An individual who has been employed by a company located outside the U.S. for at least a year in the previous three year period can apply for an L-1 visa to work legally in the U.S. The individual must have been employed in either a position of managerial or executive capacity (L-1A), or requiring specialized knowledge (L-1B), as defined below at the qualified company or organization abroad for one continuous year within the three years immediately prior to the admission to the United States. The employer must have a relationship with the qualified organizations such as a parent company, subsidiary, branch, or affiliate. The named employee must come to the U.S. to work as a manager, executive or in a position of specialized knowledge for the same employer or the qualified organizations.
According to 8 CFR 214.2(I)(1)(ii)(B), Managerial Capacity means an assignment within the organization in which the employee primarily:
Executive Capacity means an assignment within the organization in which the employee primarily:
Specialized Knowledge means special knowledge possessed by the individual of the U.S. Company’s product, service, research, equipment, techniques, management, or other interests and its application in international markets, or an advanced level of knowledge or expertise in the company’s processes and procedures, according to 8CFR 214.2(I)(1)(ii)(D).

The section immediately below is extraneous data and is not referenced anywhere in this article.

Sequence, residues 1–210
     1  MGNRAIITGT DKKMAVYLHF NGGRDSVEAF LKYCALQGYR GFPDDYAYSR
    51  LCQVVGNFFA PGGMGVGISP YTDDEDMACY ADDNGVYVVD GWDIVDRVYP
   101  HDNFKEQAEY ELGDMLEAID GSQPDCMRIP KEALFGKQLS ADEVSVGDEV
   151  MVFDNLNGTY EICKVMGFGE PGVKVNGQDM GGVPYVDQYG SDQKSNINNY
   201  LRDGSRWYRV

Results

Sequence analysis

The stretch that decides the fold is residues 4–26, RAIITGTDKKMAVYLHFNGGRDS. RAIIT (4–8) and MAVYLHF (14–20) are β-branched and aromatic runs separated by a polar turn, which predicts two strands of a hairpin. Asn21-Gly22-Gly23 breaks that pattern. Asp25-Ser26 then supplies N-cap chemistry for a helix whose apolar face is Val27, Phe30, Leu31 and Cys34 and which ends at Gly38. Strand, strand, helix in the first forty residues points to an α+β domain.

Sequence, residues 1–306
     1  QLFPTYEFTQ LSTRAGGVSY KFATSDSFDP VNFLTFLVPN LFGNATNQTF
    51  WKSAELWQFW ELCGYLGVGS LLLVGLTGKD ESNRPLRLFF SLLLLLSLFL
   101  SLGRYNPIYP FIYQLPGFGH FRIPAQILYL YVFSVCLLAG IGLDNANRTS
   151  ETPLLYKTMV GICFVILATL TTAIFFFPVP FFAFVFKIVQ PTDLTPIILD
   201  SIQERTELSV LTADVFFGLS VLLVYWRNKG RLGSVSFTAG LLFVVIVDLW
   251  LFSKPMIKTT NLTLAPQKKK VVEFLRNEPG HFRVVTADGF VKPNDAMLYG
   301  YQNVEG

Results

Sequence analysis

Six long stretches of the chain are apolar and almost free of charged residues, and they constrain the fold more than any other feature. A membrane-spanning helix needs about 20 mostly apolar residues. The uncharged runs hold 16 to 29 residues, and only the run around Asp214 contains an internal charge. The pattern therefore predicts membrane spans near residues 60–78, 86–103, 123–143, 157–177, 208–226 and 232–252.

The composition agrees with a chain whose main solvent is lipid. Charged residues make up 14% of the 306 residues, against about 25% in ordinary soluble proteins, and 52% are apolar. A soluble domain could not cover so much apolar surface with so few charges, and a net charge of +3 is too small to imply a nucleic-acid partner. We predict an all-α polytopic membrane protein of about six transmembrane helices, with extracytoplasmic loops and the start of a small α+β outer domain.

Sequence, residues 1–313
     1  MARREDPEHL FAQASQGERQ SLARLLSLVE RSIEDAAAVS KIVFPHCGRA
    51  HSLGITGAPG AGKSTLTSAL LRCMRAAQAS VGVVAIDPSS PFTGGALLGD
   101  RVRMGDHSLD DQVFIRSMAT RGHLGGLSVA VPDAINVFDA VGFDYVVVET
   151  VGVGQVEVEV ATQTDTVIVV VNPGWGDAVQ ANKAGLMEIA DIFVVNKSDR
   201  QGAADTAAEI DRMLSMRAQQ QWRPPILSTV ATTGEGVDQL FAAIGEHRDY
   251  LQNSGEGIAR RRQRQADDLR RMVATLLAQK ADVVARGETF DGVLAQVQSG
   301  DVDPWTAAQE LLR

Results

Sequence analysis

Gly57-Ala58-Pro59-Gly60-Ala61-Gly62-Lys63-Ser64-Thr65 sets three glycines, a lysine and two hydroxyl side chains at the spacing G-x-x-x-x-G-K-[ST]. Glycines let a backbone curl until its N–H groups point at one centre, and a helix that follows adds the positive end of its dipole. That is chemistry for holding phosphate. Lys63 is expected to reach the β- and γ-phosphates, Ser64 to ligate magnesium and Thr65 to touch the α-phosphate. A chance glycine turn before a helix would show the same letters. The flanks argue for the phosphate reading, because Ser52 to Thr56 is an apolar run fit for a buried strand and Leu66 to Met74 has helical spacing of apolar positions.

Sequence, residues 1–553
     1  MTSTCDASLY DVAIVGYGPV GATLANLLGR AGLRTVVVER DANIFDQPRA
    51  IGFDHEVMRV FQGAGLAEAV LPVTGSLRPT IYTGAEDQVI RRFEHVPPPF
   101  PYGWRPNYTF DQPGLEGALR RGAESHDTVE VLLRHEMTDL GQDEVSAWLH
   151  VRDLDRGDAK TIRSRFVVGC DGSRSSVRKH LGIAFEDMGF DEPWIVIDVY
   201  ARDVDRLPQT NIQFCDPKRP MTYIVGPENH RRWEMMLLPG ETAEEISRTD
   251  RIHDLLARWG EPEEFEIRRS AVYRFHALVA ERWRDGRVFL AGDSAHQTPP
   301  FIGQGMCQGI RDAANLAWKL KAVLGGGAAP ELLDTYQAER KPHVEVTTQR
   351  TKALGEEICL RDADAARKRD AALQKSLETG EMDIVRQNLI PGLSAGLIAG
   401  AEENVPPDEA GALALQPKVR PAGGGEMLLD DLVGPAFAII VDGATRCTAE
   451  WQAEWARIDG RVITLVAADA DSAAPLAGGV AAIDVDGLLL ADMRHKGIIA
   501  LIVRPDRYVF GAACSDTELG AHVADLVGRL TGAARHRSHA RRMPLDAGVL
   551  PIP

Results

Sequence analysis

You may be eligible for an L-1 visa for “intracompany transferees” if you are an executive, manager, or a worker with specialized knowledge who has worked abroad for a qualifying organization (including an affiliate, parent, subsidiary or branch of your foreign employer) for at least one year within the 3 years preceding the filing of your L-1 petition (or in some cases your admission to the United States). The organization must seek to transfer you to the United States to work in one of the capacities listed above.
Visa Petition Process
The U.S. company, as the L-1 sponsor, files a visa petition (Form I-129) with the USCIS evidencing that:
The U.S. employer then files the petition and once it is approved, an application for L-1 visa may be submitted as described below.
Upon the approval of the visa petition (Form I-129), USCIS will send a Notice of Action (Form I-797B) which can be used to submit an application for L-1 visa at a U.S. Consulate. The individual and his/her immediate family members will then be required to attend an interview where the data that was submitted will be verified.
Upon successful completion of the interview in Step 2 above, the individual may enter the U.S. and can generally stay until the expiration date on the L-1 visa.
Initial period of stay in the United States: Up to 3 years (1 year for new office petitions). Extensions possible in up to 2 year increments. Maximum period of stay: 7 years for managers and executives (L-1A); 5 years for specialized knowledge workers (L-1B).
For more information about L-1 visa, you may check U.S. Citizenship and Immigration Services’ web page:
L-1A Visa: http://www.uscis.gov/working-united-states/temporary-workers/l-1a-intracompany-transferee-executive-or-manager
L-1B Visa: http://www.uscis.gov/working-united-states/temporary-workers/l-1b-intracompany-transferee-specialized-knowledge